Bishop R. Walker Nickless
Bishop R. Walker Nickless
August 28, 2013



Bishop R. Walker Nickless of the Sioux City Diocese is encouraging priests in the 111 parishes he leads to use the pulpit and church newsletters to advocate a path to legalized, earned citizenship for undocumented immigrants.

Specifically, the bishop is recommending that priests use their homilies to preach the moral imperative behind advocacy for the controversial component of immigration reform, diocesan officials said Tuesday.

"It will be up to the individual pastor if they want to include it in their homily," said Kristie Arlt, communications director for the diocese and a member of the bishop's senior staff. "He's not mandating. He's strongly recommending they consider it."

After meeting with his senior staff Tuesday, Nickless decided on the approach to connect the diocese with a larger push by the Catholic Church in the United States on immigration policy scheduled around Sunday, Sept. 8.

Arlt said all members of the bishop's staff were on the same page with the plan.

The U.S. Conference of Catholic Bishops has consistently advocated for comprehensive reform of U.S. immigration policies that secures borders and gives undocumented immigrants the chance to earn permanent residency and eventual citizenship. Nickless himself is on record in support of that position.

Key Catholic Church leaders see the next weeks as crucial in the future of immigration policy.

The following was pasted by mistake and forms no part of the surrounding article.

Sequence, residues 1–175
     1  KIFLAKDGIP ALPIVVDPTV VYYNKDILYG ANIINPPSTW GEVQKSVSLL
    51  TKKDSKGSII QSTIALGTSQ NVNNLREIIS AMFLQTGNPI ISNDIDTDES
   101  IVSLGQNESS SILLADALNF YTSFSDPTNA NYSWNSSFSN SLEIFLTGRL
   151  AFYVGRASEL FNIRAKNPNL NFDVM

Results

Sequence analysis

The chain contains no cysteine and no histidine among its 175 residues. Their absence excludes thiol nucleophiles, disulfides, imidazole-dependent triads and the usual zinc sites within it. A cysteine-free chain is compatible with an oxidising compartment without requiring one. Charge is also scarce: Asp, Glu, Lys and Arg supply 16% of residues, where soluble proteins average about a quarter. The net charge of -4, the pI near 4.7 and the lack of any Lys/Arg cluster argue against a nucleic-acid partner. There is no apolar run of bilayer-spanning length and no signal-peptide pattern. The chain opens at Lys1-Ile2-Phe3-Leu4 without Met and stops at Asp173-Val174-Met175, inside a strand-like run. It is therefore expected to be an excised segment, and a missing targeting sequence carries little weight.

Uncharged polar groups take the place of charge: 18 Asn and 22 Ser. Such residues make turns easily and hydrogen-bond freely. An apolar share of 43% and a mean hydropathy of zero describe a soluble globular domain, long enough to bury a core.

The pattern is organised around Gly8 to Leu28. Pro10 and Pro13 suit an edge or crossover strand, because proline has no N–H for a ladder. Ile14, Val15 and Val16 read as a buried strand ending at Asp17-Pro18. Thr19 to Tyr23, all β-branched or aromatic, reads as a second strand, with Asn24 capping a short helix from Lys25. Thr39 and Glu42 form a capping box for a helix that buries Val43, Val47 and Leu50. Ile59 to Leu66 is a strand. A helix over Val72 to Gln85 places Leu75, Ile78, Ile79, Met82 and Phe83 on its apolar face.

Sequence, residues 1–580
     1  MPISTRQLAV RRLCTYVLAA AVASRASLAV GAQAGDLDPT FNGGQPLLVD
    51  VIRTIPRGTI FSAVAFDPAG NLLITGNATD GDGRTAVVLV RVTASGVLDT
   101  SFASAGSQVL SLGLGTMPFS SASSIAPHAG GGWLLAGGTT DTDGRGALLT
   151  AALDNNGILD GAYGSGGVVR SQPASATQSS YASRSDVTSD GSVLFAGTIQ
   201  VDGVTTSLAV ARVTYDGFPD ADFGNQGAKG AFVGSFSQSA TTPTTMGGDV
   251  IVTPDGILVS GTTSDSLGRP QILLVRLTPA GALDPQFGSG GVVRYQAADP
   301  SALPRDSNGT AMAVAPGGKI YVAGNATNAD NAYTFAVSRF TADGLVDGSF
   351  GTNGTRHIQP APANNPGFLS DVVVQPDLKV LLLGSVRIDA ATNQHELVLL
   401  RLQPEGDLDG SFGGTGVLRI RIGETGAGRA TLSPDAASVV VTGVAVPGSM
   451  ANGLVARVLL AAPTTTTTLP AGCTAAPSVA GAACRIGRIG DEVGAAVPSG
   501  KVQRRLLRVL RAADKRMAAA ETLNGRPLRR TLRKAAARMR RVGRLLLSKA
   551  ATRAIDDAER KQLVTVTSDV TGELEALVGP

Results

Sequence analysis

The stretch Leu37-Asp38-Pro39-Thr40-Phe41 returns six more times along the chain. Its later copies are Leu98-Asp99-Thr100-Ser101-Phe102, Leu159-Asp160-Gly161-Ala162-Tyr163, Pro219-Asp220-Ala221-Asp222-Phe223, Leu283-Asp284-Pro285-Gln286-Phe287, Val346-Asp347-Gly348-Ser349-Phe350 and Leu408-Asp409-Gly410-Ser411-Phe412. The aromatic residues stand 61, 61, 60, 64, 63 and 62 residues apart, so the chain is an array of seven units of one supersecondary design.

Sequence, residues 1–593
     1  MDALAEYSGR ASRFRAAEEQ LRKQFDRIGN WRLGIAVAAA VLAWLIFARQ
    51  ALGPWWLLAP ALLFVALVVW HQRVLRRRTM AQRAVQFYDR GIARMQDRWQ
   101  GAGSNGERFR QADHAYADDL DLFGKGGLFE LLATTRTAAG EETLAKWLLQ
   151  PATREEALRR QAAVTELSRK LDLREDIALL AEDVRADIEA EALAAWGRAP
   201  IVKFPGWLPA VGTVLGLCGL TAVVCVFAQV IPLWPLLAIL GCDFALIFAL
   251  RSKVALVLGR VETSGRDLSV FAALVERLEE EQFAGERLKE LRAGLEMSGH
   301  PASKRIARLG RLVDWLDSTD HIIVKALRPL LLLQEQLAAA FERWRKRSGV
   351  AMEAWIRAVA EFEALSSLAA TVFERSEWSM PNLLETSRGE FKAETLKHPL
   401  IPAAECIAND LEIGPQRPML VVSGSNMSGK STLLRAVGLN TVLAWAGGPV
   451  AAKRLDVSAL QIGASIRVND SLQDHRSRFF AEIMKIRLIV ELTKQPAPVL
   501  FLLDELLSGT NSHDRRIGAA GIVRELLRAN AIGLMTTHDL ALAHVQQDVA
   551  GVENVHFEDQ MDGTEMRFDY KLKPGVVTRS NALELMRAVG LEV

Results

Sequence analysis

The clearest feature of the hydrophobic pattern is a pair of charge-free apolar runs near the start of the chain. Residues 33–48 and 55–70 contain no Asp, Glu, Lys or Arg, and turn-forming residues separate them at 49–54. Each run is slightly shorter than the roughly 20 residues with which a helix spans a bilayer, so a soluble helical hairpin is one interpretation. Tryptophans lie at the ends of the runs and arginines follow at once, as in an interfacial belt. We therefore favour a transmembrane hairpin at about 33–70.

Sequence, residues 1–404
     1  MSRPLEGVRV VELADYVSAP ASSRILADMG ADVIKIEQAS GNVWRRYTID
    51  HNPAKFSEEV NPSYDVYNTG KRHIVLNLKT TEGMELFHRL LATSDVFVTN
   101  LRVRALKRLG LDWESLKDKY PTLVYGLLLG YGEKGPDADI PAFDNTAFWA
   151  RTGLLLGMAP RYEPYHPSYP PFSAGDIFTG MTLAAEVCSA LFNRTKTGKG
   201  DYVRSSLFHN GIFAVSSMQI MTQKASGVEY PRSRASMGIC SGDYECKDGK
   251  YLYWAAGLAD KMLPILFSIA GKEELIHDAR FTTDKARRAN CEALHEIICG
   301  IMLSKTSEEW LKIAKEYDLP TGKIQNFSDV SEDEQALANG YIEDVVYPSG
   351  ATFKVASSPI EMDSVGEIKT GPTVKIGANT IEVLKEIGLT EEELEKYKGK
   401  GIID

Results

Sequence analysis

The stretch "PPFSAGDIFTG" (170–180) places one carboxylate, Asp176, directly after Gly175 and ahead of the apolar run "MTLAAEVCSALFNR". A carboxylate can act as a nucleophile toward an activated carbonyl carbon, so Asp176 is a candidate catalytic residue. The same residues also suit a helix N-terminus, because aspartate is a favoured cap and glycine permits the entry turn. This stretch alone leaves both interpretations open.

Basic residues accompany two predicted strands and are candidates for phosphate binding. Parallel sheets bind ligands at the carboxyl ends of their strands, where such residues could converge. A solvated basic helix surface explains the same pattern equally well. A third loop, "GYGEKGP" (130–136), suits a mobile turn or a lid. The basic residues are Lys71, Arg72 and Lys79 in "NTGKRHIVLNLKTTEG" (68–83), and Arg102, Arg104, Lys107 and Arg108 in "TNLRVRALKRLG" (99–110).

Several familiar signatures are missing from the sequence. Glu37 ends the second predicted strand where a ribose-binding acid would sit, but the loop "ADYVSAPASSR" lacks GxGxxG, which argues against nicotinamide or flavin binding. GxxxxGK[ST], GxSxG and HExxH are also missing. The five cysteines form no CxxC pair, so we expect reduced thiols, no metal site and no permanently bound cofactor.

"The president and Congress can no longer wait to address this important issue," Archbishop Jose H. Gomez of Los Angeles recently said. "In the absence of comprehensive reform, many states and localities are taking the responsibility of enforcing immigration law into their own hands. This has led to abuses and injustices for many U.S. families and immigrant communities."

The U.S. Senate overwhelmingly passed a reform bill that includes a path to citizenship. The bishops are timing the pro-immigration events to influence the U.S. House of Representatives when members return from the August recess, Kevin Appleby, director of migration policy for the bishops' conference, said in an interview with The Daily Times Herald.

The U.S. House of Representatives has 136 Catholics, about 30 percent of the total representation in that body.

Appleby said the Catholic Church effort on immigration, while ostensibly bipartisan, is aimed primarily at persuading Catholic Republicans in Congress.

In addition to advocacy connected to Masses, a number of dioceses are organizing "prayerful marches" and other events, Appleby said.

Appleby said one prominent Catholic Republican, U.S. Rep. Steve King of Iowa, has unwittingly served as a powerful advocate for immigration reform by making colorful statements in opposition to a path to a citizenship.

"When he makes comments it helps the cause for immigration reform," Appleby said.

King's often red-hot rhetoric forces the hand of Republicans seeking outreach to growing parts of the American demographic, Appleby said.

"It creates pressure on the leadership and others in the House to correct the perception," Appleby said.